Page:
There are chapters dedicated to equipment requirements for using both an SLR or for using a compact camera. Edge explains which camera features are useful for underwater photography and what to look for in a housing. The equipment chapters shine in there specificity. For example, the compact camera section , written by "guest author” Mark Koekemoer, goes into depth about how to choose an appropriate wet lens while the SLR chapter explains in detail how to correctly read a histogram. After giving all this valuable advice on how to select a camera and housing, “The Underwater Photographer” overlooks a crucial next step—a thorough explanation on how to maintain the equipment. Maintenance is one of the most important aspects of being an underwater photographer, and there is very little mention of it throughout this otherwise thorough edition.

At the heart of “The Underwater Photographer” are the technique chapters. organized into 6 chapters: Lighting, Composition, Macro and close-up, Wide Angle, and Underwater Photography in Temperate Waters. Within each technique section, Martin goes into depth on the theory of each topic and also how to execute these concepts. Far too often in technique guides, we are told what to do without any guidance on how to do it. Martin, however, is able to clearly explain how to put all the theories into practice.

For example, in the chapter on close-up and macro photography Martin discusses depth of field in fish portraits and explains that the eyes and mouth of the subject are the two most important features to keep in focus. However, anyone who has ever shot fish portraits with a macro lens knows that getting both the mouth and eyes in focus is not always the easiest task. Martin provides tips on solving this predicament, such as focusing on a point between the eye and the mouth or, taking a few different shots with varied focal points to have the best chance of getting both in focus. It’s this kind of practical instruction that is particularly useful to improving your photographs.

The book is not completely technical, and there are a number of articles dedicated to the more conceptual facets of being an underwater photographer. These chapters are more about the internal processes of the photographer’s mind and vision rather than the processes of the camera. They are why the book is called “The Underwater Photographer” rather than “How To Shoot Underwater Photography.” One chapter, for example, is completely dedicated to the mindset of the underwater photographer. In this chapter Martin preaches his “Think and Consider” system that serves as a mental check-list when taking shooting. Another chapter, written by Alex Mustard, is all about strategies on creating your own photographic style.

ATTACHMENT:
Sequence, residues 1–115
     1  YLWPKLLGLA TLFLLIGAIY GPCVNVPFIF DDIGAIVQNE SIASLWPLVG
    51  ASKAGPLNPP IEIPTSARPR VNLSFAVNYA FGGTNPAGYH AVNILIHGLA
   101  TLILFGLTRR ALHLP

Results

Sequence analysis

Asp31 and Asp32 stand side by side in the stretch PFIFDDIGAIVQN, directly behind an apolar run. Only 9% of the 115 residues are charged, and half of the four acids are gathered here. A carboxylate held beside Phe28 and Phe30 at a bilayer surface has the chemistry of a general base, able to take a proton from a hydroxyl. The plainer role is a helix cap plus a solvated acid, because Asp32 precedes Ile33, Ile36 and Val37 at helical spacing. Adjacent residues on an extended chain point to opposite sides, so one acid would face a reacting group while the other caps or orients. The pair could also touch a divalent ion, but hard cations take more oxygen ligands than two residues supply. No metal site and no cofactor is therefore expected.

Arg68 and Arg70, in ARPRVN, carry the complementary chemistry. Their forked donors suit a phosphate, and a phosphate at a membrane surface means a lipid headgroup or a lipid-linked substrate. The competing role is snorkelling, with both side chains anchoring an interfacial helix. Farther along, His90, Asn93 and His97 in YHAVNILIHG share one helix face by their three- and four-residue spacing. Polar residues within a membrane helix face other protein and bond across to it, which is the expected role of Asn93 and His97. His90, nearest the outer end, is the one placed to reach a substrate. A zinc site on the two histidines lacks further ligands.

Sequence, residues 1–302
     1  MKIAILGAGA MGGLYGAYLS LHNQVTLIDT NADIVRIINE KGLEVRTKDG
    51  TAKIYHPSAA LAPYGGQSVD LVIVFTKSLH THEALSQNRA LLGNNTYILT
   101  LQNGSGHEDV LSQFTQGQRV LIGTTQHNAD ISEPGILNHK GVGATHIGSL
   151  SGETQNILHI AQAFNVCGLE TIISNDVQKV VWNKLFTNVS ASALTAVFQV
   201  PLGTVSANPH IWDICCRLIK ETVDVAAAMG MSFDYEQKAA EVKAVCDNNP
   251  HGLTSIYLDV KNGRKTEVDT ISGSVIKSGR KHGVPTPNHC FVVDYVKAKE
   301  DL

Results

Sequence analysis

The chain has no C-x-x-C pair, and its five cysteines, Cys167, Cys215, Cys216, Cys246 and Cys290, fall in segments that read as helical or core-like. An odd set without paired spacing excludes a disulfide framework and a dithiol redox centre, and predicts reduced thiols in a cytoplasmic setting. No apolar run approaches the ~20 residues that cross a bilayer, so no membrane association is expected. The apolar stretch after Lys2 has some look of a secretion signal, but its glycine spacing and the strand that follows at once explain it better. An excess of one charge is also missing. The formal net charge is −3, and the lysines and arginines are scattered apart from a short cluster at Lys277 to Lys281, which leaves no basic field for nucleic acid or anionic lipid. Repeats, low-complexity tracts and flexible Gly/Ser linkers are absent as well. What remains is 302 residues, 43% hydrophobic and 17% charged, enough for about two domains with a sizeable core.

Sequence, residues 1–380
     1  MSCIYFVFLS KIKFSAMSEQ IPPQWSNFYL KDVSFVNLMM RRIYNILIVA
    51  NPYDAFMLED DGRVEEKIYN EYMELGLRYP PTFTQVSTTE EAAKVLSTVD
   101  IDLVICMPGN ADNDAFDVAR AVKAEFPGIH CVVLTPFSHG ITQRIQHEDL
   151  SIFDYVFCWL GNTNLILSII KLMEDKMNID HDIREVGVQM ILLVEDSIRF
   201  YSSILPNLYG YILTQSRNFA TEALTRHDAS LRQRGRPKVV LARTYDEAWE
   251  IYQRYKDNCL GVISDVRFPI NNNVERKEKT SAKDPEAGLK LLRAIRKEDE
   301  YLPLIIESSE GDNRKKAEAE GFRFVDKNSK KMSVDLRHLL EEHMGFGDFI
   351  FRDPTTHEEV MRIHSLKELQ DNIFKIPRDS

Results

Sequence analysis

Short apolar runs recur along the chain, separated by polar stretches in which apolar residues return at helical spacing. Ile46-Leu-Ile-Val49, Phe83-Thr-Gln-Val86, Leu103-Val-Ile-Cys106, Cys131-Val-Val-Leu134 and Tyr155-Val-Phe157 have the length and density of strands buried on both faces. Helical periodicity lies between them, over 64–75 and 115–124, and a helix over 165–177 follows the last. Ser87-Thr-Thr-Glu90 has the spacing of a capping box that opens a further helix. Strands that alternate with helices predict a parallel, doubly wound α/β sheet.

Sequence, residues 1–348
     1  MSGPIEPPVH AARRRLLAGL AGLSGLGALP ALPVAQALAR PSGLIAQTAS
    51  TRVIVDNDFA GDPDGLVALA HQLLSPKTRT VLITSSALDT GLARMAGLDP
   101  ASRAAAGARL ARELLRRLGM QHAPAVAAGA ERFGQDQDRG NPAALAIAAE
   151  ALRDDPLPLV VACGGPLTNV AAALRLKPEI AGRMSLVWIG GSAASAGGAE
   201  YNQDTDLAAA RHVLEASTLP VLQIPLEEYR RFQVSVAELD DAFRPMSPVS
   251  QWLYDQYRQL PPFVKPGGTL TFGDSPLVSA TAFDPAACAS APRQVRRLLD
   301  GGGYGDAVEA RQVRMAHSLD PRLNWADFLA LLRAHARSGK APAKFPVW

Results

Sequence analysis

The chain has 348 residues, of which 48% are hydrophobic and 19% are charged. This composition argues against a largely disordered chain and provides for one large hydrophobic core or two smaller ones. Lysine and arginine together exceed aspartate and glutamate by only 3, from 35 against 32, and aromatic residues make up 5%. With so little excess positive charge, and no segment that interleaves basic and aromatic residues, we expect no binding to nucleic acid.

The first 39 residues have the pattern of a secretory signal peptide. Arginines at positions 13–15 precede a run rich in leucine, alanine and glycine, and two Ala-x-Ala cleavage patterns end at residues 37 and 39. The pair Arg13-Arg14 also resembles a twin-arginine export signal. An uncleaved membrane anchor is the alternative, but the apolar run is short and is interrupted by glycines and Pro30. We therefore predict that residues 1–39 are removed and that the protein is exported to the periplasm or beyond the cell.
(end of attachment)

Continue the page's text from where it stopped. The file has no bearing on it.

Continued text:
The layout of the book is fairly similar to most “how-to” books. Most of the pages contain images, and many of them are ‘diagram-esque” with descriptive captions used to illustrate a point made in the text. There are even times when Martin engages the reader by asking how he achieved certain images. He requires the reader to call upon the knowledge they have learned in the previous pages and reveals the answer a few pages later.

There are pages that contain full size images and these are usually particularly striking examples of techniques. This certainly adds an aesthetic appeal. One could easily just flip through the pages and treat the book as photographic collection—but it makes the already long book even longer. It’s not the length that bothers me, but the fact that the length leads to a thick and heavy book that is cumbersome to travel with. Given the fact that most of the book is practical advice, it would be ideal to have this book with you while shooting, which usually means that at some point needs to be packed and carried.

Our Bible?

It’s hard to classify this book into a certain genre—it’s partly a how-to book, it’s partly the author’s personal opinions on taking underwater photographs and partly a photographic gallery. However you may classify it, the fourth edition of “The Underwater Photographer” is, in my mind, the quintessential piece of literature on the subject. No other publication comes close in terms of being as comprehensive or as well executed. 

In his discussion of surface detail in underwater photographs, Martin claims that his “thoughts could be classed as technical, visual and perhaps touching on the spiritual.” I believe that Martin extended this approach to the entire book, providing the reader with technical information, visual inspiration, and spiritual guidance. After all, are there three better words to describe an underwater photographer with than technical, visual and spiritual?